Indonesia straddles the Equator between theIndian Ocean and the Pacific Ocean.
The country is the sleeping giant of Southeast Asia.
With18,110 islands, 6,000 of them inhabited, it is the largest archipelago in the world.
Withalmost 240 million people, Indonesia is the fourth most populous country in the world,and by far the largest in Southeast Asia.
Indonesia also has the largest Muslim populationin the world.
The Indonesian archipelago has become an importanttrade region since at least the 7th century.
Local rulers gradually absorbed foreign cultural,religious and political models from the early centuries, and Hindu and Buddhist kingdomsflourished.
Indonesian history has been influenced by foreign powers drawn to its natural resources.
Muslim traders brought Islam, and European powers brought Christianity and fought oneanother to monopolize trade in the Spice Islands of Maluku during the Age of Discovery.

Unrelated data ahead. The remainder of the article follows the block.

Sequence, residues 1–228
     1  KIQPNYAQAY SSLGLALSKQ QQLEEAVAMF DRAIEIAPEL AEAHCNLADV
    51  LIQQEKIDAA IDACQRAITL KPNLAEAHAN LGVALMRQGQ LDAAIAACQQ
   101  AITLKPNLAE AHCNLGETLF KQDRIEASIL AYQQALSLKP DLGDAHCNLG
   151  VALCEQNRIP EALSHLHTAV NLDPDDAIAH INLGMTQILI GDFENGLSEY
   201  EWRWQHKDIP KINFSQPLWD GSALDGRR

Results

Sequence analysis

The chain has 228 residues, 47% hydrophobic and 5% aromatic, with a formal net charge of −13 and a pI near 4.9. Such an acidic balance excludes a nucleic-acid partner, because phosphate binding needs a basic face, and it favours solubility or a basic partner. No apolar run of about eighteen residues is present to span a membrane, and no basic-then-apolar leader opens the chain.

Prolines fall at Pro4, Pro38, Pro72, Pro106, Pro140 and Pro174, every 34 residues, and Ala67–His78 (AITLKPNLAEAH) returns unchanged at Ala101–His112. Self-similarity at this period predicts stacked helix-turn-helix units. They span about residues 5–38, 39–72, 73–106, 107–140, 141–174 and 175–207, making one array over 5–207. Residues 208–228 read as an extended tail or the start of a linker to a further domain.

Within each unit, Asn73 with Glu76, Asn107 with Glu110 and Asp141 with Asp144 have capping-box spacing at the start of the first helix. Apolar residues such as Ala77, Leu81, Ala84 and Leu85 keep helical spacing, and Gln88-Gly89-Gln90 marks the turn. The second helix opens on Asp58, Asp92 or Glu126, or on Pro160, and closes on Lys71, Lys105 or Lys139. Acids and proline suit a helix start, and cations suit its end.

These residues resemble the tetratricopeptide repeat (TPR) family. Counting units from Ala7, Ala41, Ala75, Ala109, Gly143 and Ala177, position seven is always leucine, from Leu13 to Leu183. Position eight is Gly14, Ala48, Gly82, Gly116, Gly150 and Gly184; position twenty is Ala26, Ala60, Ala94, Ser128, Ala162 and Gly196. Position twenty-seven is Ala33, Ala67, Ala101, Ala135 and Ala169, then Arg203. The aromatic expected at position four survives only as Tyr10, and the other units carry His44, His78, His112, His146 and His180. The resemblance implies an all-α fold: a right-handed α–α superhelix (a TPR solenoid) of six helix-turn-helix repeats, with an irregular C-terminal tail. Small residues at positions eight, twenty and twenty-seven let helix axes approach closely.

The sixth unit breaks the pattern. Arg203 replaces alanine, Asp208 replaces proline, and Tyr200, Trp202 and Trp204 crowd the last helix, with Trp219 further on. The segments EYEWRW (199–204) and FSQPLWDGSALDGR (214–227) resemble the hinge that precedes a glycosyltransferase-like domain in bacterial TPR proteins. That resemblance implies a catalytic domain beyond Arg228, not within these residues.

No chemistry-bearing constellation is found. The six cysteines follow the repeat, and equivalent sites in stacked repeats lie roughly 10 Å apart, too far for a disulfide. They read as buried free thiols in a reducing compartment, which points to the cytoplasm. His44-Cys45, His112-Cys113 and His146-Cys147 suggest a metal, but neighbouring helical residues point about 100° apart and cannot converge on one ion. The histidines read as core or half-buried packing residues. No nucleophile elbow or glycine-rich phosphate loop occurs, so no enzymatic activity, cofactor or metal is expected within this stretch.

Followingthree and a half centuries of Dutch colonialism, Indonesia secured its independence after WorldWar II.
Both nature and culture are major componentsof Indonesian tourism.
The beaches in Bali, diving sites in Bunaken, Mount Rinjani inLombok and various national parks in Sumatra are just a few examples of popular scenicdestinations.
These natural attractions are complemented by a rich cultural heritage thatreflects Indonesia's dynamic history and ethnic diversity.
The ancient Prambanan and Borobudurtemples, Yogyakarta, and of course Bali, with its many Hindu festivities, are some of thepopular destinations for cultural tourism.
Indonesia markets itself as Wonderful Indonesia,and the slogan is quite true, although not necessarily always in good ways.
Indonesia'stropical forests are the second-largest in the world after Brazil, and are being loggedand cut down at the same alarming speed.
While the rich shop and party in Jakarta and Bali,the poor work hard and struggle to do more than survive.